The original European integration idea was solidarity, assistance and support of each other, to create a sphere of peace and wealth. However, none of the founding fathers ever had in mind that the EU would eventually face masses of refugees trying to come to Europe, escaping from war in their home countries. Instead of trying to solve the crisis and find a bearable solution for the refugees’ wellbeing, the member states just blame each other for having caused and deteriorating the crisis, and not showing any willingness to share its humanitarian part in European community. Specifically regarding Hungary it is fascinating to see its own development regarding refugees. Back in 1989, when East German refugees tried to escape the dwindling situation in the former GDR, Hungary was the first of the former Eastern Block countries to open its borders to the West – hence Austria. Also, it was Czechoslovakia that sheltered thousands of East German refugees before letting them travel to West Germany. In short, both countries, Czech Republic and Hungary, have a historic record of support and help for refugees, and are now doing the exact opposite.
German Chancellor Angela Merkel once had said that “if the Euro fails, then Europe will fail”. This line needs now to be updated: Europe will surely not fail due to the Euro as a common currency, but due to the lacking solidarity among its members amid the biggest humanitarian crisis Europe has to face yet. As the things are currently evolving, the dissent among the member states is getting more severe and aggravated than in the wake of the Greek debt crisis. Unable to agree on quotas and various national governments unwilling to contribute even to the line of the leading EU institutions, the EU has basically initiated the beginning of its own demise, questioning the very basics of its key ideas of integration. Consequently, voices rise that the Schengen Agreement should be suspended in the view of “uncontrolled refugee movements”. Let there be no mistake: as soon as this happens, people can start to kiss good-bye to a common European idea.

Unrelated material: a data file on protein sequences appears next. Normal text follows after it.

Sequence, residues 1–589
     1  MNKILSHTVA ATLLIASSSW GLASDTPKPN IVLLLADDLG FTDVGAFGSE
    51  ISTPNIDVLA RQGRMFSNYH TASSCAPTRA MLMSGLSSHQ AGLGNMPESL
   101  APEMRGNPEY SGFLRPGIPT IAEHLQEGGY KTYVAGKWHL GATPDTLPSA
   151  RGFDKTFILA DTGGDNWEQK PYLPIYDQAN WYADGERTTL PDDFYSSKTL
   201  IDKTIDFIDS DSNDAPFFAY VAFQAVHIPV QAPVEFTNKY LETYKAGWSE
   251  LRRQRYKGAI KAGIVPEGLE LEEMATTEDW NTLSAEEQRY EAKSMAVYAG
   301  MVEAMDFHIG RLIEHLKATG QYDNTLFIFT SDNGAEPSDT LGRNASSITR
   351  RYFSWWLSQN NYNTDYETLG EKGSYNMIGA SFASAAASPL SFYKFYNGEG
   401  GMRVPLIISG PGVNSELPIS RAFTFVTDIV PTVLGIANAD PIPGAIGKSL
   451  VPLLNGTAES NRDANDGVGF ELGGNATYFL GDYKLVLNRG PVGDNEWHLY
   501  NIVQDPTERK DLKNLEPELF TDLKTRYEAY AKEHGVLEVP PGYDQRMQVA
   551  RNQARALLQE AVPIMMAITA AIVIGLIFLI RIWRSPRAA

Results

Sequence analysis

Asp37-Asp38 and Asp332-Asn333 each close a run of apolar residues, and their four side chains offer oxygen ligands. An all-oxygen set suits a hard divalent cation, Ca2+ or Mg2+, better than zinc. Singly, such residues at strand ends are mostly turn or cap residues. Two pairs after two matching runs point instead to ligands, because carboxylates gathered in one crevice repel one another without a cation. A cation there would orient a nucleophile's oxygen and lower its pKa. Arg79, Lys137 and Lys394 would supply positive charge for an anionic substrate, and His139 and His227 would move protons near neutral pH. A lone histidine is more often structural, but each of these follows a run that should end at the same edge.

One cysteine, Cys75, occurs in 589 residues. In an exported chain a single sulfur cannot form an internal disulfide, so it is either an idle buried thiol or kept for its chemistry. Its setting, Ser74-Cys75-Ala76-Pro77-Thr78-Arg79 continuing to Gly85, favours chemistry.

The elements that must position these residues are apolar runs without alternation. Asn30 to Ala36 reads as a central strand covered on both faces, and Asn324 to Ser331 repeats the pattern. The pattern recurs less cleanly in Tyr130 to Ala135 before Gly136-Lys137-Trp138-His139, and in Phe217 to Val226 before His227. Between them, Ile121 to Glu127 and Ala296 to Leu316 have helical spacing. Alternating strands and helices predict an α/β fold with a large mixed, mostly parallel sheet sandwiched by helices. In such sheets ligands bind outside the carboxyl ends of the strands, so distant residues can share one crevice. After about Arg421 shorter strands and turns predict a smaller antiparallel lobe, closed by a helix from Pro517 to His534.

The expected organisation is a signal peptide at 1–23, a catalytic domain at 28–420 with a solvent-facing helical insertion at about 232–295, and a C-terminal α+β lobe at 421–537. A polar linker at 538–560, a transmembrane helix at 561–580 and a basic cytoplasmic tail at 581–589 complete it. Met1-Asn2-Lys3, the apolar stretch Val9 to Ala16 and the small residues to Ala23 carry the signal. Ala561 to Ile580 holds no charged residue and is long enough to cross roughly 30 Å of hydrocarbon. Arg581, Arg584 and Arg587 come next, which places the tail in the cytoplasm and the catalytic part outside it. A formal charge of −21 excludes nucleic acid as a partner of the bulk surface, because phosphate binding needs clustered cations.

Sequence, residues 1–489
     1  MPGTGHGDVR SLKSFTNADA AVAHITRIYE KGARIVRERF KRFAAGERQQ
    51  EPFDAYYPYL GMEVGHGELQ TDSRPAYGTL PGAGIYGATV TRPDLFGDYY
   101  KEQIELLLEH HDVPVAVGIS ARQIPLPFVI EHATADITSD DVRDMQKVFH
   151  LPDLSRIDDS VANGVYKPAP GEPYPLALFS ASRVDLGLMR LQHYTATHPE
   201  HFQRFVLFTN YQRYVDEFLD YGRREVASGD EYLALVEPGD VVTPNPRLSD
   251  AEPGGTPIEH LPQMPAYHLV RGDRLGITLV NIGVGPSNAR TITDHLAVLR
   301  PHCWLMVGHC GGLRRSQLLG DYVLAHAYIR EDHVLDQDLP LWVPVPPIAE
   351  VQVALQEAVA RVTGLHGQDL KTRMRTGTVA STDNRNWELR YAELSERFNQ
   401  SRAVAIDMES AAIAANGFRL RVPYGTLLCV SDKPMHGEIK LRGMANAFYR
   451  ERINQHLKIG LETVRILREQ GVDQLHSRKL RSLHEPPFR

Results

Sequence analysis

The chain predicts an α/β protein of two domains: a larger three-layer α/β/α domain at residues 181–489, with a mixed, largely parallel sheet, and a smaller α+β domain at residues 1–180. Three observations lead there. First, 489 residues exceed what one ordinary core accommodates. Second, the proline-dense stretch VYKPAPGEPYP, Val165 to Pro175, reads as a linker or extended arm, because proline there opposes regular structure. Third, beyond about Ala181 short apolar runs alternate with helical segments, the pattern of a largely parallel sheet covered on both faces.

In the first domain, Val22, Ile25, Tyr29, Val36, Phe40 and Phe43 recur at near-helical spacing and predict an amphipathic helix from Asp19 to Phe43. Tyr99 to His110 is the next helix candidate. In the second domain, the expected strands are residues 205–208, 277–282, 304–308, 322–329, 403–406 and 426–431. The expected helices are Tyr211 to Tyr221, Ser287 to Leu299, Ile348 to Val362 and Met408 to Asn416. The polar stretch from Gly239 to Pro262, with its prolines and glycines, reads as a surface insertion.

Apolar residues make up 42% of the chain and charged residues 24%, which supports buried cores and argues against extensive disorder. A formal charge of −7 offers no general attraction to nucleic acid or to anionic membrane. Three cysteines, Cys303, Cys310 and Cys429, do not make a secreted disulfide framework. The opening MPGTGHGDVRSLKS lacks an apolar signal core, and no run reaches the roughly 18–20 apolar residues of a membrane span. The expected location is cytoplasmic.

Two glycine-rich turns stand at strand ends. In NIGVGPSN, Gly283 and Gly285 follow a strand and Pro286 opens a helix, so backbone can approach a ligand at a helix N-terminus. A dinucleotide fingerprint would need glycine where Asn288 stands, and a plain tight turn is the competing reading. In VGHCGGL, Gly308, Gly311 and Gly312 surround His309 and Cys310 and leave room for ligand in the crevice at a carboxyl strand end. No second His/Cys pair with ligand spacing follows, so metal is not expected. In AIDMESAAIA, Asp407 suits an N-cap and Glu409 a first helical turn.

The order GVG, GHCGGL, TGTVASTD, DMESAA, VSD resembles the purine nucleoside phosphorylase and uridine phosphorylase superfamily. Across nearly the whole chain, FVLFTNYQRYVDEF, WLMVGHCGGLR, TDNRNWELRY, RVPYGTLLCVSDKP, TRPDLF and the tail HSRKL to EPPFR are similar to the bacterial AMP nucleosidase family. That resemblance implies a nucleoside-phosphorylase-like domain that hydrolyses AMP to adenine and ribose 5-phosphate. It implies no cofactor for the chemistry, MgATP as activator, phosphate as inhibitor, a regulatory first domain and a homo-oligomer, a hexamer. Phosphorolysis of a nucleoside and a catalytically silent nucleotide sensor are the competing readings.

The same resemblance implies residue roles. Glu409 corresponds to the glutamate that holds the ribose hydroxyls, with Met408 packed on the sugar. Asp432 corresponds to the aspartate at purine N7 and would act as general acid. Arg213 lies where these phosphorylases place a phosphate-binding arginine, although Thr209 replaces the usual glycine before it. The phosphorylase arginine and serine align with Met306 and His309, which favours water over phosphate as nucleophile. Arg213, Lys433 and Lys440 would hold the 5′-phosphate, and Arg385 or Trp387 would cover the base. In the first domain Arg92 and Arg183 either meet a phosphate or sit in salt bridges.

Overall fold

Remembering the Victims
Aylan Kurdi’s body was buried in Syria, alongside with his mother and his brother. His father, Abdullah Kurdi, said that the only thing we wanted was to “sit next to his son’s grave until he dies”. These images of despair and resignation are Europe’s wake-up call for instant action and for common sense. Yesterday, the UK has finally announced to accept thousands of Syrian refugees, despite still refusing to accept distribution quotas among all EU member states. Thousands of refugees arrived in Austria and Germany, happy and relieved after having passed through a nightmare in the past weeks, who having risked their bare lives and who had to leave everything behind. In Germany and Austria, they will have a chance to start a new life in peace.
It is, however, too late for Aylan and his family.